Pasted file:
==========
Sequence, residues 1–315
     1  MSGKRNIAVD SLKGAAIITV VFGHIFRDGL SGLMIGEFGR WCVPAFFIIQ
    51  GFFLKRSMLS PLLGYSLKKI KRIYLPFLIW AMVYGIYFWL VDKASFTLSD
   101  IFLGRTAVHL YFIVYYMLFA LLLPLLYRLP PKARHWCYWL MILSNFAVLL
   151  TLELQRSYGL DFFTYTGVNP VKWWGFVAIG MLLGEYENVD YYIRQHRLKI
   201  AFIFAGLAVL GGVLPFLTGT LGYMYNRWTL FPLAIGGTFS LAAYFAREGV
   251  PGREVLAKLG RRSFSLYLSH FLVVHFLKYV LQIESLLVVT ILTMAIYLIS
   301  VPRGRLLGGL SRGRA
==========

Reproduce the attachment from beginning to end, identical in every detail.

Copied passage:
Sequence, residues 1–315
     1  MSGKRNIAVD SLKGAAIITV VFGHIFRDGL SGLMIGEFGR WCVPAFFIIQ
    51  GFFLKRSMLS PLLGYSLKKI KRIYLPFLIW AMVYGIYFWL VDKASFTLSD
   101  IFLGRTAVHL YFIVYYMLFA LLLPLLYRLP PKARHWCYWL MILSNFAVLL
   151  TLELQRSYGL DFFTYTGVNP VKWWGFVAIG MLLGEYENVD YYIRQHRLKI
   201  AFIFAGLAVL GGVLPFLTGT LGYMYNRWTL FPLAIGGTFS LAAYFAREGV
   251  PGREVLAKLG RRSFSLYLSH FLVVHFLKYV LQIESLLVVT ILTMAIYLIS
   301  VPRGRLLGGL SRGRA